Also, such a dual mechanism can not be implemented in AES pens which require a huge space for battery and circuitry. This pen has a replaceable ballpoint refill.

    I personally i am not at all interested in grayscale eink readers, they are not good for handwriting because of slow display refresh also, people from science and art backgrounds need colours.
     
  5. darkmagistric

    darkmagistric Scribbler - Standard Member Senior Member

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    My interest is purely in the pen itself as well. The tablet I could care less for
     
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  6. siddhartth

    siddhartth Scribbler - Standard Member Senior Member

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    Yeah with this type of pen out, i wouldn't mind if Samsung gets rid of the pen silo and dedicates it to battery. We know only Apple and wacom can provide that smoothness and Wacom has been the only one that has been able to reduce the size of their nibs so much for such a great precision. Fat nib of Apple Pencil is impossible to work with on a phone. Wacom EMR is still the king when it comes to precision work, i still don't know despite success of Samsung and Huwawei Penabled phones are not yet a thing. I do wonder about the Huwawei's Pen tech, it resembled Apple Pencil in construction but it had a significantly finer nib. Anybody ever used That? It also came in a more traditional pocket clip size and dimensions.
     
  7. WillAdams

    WillAdams Scribbler - Standard Member Senior Member

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    Note that the Staedler Noris Digital Stylus is actually a small insert in a larger pencil body --- you can cut it down to whatever length you'd like (down to the length of the insert and sufficient material to hold it in place), or remove the insert and place it into anything which you'd like --- it's unfortunate that the shape doesn't seem to directly match a pen refill.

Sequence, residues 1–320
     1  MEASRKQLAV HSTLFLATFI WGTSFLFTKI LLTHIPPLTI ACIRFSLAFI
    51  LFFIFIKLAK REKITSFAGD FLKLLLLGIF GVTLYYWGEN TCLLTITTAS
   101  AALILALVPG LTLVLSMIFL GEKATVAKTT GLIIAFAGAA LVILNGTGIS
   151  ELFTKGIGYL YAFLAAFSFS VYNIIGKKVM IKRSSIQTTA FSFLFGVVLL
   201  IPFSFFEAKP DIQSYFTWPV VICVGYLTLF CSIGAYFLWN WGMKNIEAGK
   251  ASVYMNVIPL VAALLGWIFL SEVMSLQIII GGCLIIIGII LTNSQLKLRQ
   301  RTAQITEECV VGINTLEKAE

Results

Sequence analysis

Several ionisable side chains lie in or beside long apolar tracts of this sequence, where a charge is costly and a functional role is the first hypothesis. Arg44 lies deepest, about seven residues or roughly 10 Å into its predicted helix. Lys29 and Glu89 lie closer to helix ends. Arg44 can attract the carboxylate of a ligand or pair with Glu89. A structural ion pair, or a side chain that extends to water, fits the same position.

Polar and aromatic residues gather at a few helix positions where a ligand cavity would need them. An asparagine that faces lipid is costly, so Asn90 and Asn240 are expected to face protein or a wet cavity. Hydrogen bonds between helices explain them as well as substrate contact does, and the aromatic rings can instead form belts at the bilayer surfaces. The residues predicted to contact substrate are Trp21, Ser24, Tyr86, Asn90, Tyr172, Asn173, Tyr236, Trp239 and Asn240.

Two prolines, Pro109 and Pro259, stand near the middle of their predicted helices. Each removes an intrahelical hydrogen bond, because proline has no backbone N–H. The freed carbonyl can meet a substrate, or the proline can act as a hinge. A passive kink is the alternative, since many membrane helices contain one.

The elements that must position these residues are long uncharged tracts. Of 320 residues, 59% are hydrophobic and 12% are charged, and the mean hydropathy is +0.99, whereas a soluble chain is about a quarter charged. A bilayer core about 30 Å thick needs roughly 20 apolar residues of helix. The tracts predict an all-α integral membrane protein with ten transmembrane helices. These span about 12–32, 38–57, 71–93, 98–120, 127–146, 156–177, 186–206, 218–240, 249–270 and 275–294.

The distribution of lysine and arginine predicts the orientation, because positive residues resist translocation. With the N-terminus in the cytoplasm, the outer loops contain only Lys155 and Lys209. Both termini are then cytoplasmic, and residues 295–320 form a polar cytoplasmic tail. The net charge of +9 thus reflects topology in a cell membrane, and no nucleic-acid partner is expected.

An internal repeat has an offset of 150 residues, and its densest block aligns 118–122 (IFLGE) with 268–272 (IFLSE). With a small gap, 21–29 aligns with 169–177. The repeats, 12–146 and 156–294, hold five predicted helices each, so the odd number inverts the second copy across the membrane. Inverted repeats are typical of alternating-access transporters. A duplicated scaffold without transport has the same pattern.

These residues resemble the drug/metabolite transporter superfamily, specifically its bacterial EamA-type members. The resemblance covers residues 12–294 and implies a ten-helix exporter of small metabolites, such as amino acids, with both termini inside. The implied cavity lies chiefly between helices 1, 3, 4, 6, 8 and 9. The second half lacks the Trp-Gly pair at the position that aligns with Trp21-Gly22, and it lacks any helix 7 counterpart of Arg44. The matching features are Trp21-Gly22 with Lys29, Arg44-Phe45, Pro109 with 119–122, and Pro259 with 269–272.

8. siddhartth

    siddhartth Scribbler - Standard Member Senior Member

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    Montblanc has 2 pens with replaceable Wacom modules that match exactly their analog ballpoint refill. But i will argue that Bic's solution is superior to Montblanc's and much more so than Staedler's. Staedler is a pure digital stylus thus not at all versatile and only useful on EMR devices and on top of that it's not Pocketable. Montblanc's pen's can be potentially versatile but you will need to carry a seperate carrying case for its analog refill and replace the Wacom module every time you need to sign a physical paper or jot down a quick message on a piece of paper or a napkin, that makes it so inconvenient that it becomes impractical. Bic's pen is Analog and Wacom both at the same time and it's ballpoint refills will be considerably much cheaper than Montblanc's.

    But unfortunately all EMR devices come with their own dedicated pens, and each one those pens with it's own unique ergonomic problems, but as bad as they are ergonomically, inking wise they are all capable, which makes it much more harder to justify buying a third-party Stylus like Bic for your EMR devices. Ironically, it's the AES and NTrig consumer market that is a sea of consumer tablets and laptops which don't come with a bundled pen and for which buying a superior third party Stylus makes much more sense, but then nobody who is actually that serious about inking will ever buy an AES or NTrig device.

    Thus, one one hand EMR users already have good enough pens but they can buy a very slightly better pen for a much more expensive price. On the other hand, AES users have the option to buy a first party moderately bad pen that is moderately expensive or they can buy a considerably worse third party pen for a slightly cheaper price. That's the sorry state of affairs for digital Notetakers outside the Apple universe. Seriously, if i wasn't from science stream i would have never bothered with OneNote. I would have been just as happy with the simplistic Apple Notes.
     
    Last edited: Nov 4, 2019